The past few months have been challenging for us all, both as people
and as health and social care organisations. But despite these tough
times, we’re all in the same situation. As social distancing and
remote working have become commonplace, the importance of digital and
online communication has been greater than ever. And despite being
physically further apart, there’s never been a greater need for us to
be closer together.
Whilst plenty has been written about the pros and cons of video
consultations, virtual meetings and how the digital transformation of
the NHS has been accelerated out of necessity, one thing that’s
perhaps gone under the radar is the use of digital marketing and
public engagement. So, how should healthcare organisations be
approaching social media during the pandemic? And what should
communications sound like, at a time when communities need more
support and guidance than ever before?
Be human, build trust
It might seem obvious, but any communication needs to be delivered
with a human approach. Be straight-forward, be empathetic, be you. Now
more than ever, patients and the public need reassurances and
consistency. It’s a tough time but we’re all in this together.
If you don’t have a defined tone of voice, now might be a good time
to form one or at least draft some guidelines. It’ll be a useful
toolkit to use across your organisation and ensure that messaging is
clear and consistent.
For both COVID-19 and non-COVID-19 related health messaging, a
balance of simple communication, accurate information and clear
expertise will go a long way to building that all important trust.
At its core, social media is designed to create communities, share
stories and bring us closer together; regardless of where we are. And
with more people working from home and having more time to themselves,
we’re seeing screen time being higher than before. That makes it the
ideal moment to share positive news and engaging stories.
This could be COVID-19 related activities or something more general,
either way we’ve seen the great responses that real, inspiring human
stories can have. Think powerful initiatives like Captain Tom raising
£33m, the nationwide clap for carers or even our very own round up of care
As well as sharing serious messages, these stories, videos and
initiatives help spread positivity and keep spirts high during a
Keeping partners and the public up to date
The way people search and find information is changing. People are
now much more likely to use social media and online resources as their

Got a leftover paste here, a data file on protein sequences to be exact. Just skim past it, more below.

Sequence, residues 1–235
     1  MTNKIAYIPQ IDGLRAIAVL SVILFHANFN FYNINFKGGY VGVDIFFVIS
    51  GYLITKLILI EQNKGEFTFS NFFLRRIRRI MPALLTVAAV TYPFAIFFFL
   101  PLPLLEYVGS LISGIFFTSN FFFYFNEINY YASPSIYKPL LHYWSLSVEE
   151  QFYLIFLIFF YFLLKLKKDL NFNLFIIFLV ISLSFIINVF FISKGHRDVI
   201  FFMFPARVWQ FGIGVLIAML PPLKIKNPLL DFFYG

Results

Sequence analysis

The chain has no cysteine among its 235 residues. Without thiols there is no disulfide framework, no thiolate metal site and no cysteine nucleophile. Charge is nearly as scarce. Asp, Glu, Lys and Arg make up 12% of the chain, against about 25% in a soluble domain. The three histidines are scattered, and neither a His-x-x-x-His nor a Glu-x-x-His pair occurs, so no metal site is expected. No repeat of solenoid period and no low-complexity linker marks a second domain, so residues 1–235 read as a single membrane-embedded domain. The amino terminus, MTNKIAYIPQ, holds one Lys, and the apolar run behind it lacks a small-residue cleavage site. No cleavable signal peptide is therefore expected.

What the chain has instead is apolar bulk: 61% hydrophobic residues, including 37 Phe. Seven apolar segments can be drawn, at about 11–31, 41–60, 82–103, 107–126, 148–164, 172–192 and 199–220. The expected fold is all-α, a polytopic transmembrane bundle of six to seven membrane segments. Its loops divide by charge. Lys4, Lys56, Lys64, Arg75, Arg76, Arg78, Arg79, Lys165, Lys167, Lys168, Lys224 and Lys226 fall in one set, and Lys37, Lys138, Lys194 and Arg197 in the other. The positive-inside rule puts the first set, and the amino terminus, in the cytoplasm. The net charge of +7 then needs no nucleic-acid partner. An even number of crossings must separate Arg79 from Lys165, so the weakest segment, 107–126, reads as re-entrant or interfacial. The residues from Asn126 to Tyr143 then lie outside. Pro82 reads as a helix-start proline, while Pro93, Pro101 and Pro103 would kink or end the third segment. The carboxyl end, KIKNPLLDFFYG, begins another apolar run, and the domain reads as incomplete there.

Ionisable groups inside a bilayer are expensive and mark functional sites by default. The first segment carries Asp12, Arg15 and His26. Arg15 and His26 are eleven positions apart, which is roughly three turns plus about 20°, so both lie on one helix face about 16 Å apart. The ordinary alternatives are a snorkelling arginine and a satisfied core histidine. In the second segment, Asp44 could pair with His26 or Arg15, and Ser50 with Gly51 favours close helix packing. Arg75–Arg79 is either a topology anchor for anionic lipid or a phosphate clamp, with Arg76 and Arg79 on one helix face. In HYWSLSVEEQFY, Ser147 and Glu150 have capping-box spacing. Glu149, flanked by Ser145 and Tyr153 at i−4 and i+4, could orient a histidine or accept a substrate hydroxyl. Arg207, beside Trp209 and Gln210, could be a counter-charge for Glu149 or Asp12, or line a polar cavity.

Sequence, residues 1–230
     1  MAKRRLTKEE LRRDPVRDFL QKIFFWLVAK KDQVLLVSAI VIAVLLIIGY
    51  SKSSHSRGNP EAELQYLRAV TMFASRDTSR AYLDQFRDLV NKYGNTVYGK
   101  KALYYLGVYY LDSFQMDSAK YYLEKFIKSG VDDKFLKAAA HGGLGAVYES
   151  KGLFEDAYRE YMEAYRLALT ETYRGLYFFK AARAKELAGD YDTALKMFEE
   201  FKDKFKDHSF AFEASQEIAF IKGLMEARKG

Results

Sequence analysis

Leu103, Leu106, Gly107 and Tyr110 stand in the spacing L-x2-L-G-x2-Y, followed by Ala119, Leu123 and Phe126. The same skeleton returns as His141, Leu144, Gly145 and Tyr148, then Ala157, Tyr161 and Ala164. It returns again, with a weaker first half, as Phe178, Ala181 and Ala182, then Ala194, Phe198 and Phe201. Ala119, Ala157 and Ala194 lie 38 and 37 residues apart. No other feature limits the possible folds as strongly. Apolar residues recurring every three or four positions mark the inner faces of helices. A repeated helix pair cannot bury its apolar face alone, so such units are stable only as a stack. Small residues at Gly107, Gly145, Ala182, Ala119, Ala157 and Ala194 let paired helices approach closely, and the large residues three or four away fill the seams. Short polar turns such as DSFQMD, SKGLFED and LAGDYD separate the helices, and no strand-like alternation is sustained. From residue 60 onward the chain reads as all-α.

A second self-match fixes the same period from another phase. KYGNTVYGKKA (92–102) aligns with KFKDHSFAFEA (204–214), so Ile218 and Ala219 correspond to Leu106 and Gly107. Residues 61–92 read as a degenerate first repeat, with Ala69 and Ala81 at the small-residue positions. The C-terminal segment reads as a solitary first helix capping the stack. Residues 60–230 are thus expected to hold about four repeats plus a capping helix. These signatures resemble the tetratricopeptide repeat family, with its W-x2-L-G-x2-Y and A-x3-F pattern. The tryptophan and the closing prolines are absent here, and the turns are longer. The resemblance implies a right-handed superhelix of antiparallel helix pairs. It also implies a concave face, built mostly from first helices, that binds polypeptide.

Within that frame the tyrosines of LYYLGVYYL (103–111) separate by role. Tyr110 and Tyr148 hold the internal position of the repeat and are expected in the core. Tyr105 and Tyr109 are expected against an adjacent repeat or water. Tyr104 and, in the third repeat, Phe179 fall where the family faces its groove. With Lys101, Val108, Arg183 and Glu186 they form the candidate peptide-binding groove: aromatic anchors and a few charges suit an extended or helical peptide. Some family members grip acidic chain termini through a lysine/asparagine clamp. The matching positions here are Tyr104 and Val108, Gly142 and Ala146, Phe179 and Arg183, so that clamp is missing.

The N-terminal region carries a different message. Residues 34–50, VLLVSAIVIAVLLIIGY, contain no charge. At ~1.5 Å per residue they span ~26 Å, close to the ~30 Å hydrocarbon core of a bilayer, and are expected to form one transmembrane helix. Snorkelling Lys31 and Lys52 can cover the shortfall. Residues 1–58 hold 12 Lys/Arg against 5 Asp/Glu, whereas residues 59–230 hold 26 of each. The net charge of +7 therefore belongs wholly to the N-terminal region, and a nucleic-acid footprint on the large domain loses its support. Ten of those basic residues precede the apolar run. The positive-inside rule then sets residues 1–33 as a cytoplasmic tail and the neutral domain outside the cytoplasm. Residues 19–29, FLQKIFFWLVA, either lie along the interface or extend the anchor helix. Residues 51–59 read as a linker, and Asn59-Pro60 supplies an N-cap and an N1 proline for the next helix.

first point of call for general service status, contact information
Unlike other industries, health and social care has not come to a
standstill during the pandemic; as we all know providers have been
busier than ever. However this doesn’t mean that some day-to-day
services and procedures haven’t been reduced or halted. If this is the
case, make sure your partners and the public know about it.
Even if formal communication has been made, it’s always good practice
to share relevant, informative messages on social media. It will also
help if you proactively reply to any comments or queries on posts and
Fighting back against misinformation
While tackling misleading information and false stories relating to
COVID-19 is a major challenge for social media platforms, we can play
our part by making sure we share as much clear, reliable and
informative messages as possible. Recent
research in the UK showed just 10% of people said they trusted
news about COVID-19 on social media - let’s do our bit to change that!
It should go without saying, but make sure all information is from
official sources and government guidelines. It’s clear that there’s
never been a more important for your communication to be accurate,
clear and informative on everything related to COVID-19 and beyond.
The show must go on
While as previously mentioned, some patient services have inevitably
been disrupted, that doesn’t mean that people have stopped having
heart attacks, developing cancer or suffering serious injuries.
One of the most concerning side effects of the pandemic has been a
reduction in people seeking help for the most serious conditions. In
revealed that nearly half of the public have concerns about
seeking help while the threat of coronavirus is here.
In reality, NHS staff and healthcare settings are well equipped to
make sure people can get services like cancer checks and treatments
safely. Equally, online consultations mean people don’t necessarily
need to go to GP surgeries for check-ups or appointments. COVID-free
cancer hubs have also been set up to provide surgery, along with
independent sector hospitals who have signed an unprecedented deal
with the NHS.
Clearly communicating this type of information to our communities
could help save lives.
Here to stay
One of the most powerful outcomes from the pandemic is the public’s
relationship with the NHS. There’s never been greater respect and
admiration for health and social care workers and the crucial services
they provide. This means that long after COVID-19 is gone, the
foundations will have firmly been set to re-engage patients, partners
and providers across the country.
Alongside that, it’s worth noting that your organisation and brand is
here for the long haul. Keeping it active, reliable and consistent
during these unprecedented months will go a long way to building
relationships and trust for years to come.
If you need support with your communications, marketing or public
engagement during COVID-19 and beyond, take a look at
our service offering
and get in touch.